Then a confirmation of the horrible truth I had already accepted, as Jaren’s Ghost came to a halt a few paces in front of me.

I exhaled and slumped forward. Still standing, but broken.

The tiny Light looked me over with a curious tilt to its axis, then shot a beam of light over my body. Scanning me as it had done the very first time we met.

I looked up. Staring into its singular glowing eye.

And it spoke…

And…. THE STORY ENDS THERE. Jaren Ward dies off-camera, and it’s strongly implied that Jaren’s ghost chose the unnamed narrator for some grand task or… well, destiny.

Epilogue: Filling In The Blanks

There aren’t any additional cards to carry us from Jaren Ward dying in the darkness to Shin Malphur having a showdown with Dredgen Yor. Fortunately, whoever wrote this stuff consciously left a lot of holes that can be easily filled. Take a few things into account:

  • When the narrator first touched The Last Word, he lamented that it was the first but not the last time he touched the gun.
  • When Jaren is shot, the narrator overhears one shot from a different gun.
  • That gun is described as sounding “hushed, cutting” and “dark and infernal.” That sure sounds like Thorn, which shoots darts, not bullets, and makes an unmistakable hissing snick, a fact to which anyone who has been killed by Thorn in Destiny can attest.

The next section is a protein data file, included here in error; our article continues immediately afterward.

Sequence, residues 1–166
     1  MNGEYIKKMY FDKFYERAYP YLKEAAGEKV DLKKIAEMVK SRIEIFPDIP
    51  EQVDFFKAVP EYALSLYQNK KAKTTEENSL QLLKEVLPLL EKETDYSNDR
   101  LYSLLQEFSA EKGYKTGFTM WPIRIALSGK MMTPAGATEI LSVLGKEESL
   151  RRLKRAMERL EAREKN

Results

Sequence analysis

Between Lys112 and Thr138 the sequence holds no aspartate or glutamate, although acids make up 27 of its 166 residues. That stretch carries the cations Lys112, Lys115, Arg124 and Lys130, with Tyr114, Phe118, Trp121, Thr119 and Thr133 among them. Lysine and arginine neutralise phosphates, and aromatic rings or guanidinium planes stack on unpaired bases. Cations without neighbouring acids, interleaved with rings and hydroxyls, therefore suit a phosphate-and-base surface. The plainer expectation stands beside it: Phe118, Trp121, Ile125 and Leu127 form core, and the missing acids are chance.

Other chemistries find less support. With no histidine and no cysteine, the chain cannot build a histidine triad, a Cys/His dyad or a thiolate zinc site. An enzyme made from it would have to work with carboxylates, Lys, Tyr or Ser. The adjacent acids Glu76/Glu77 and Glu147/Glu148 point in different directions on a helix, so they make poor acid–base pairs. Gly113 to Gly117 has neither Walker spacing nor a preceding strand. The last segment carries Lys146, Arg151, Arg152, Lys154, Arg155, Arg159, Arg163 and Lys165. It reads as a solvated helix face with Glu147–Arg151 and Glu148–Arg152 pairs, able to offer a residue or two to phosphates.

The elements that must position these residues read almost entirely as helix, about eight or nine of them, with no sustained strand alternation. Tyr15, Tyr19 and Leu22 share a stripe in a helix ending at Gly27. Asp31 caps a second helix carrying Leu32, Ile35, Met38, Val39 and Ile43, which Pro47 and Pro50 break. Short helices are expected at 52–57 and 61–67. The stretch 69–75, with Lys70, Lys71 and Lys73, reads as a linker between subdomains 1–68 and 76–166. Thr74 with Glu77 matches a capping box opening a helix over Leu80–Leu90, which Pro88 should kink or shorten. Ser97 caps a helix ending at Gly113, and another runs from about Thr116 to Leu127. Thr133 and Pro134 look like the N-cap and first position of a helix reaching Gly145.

With that groundwork laid, we’ve got enough to imagine the rest of the story ourselves. With the help of Jaren’s Ghost, Shin found Jaren’s body and recovered The Last Word. He began to train as a Hunter, swearing to hunt down and stop the man who killed his former master.

And then… uh, some stuff happened… and the story eventually caught up to the famous quote. The renegade Hunter Shin Malphur faced down the vile Dredgen Yor at Dwindler’s Ridge. And when the villain asked the hero if his challenge would be his last words (or something to that effect), the hero echoed the master he had come to avenge: “Yours. Not mine.”

I mean, look. I know it’s a big fat cliché. I know it’s a story we’ve seen a hundred times. But come on. It’s still pretty cool.

The Best Story From Destiny's Hidden Lore

Destiny (deservedly) gets a lot of shit for taking so much of its backstory and burying it on the internet where the majority of players will never see it. And it’s true that the actual story of vanilla Destiny doesn’t come close to the drama in even this admittedly trope-laden Grimoire tale.

Most RPGs contain these kinds of buried side-stories. Maybe they’re in books you find laying around as you explore, or maybe they’re stored in a codex you can read in your inventory menus. The game’s writers, momentarily freed from the need to make their writing line up with carefully scripted gameplay or cutscenes, get to cut loose. The purpose of these types of optional stories is to make the game’s world feel richer, and to give a sense of history to a place that is mostly defined by what you’re doing in the present.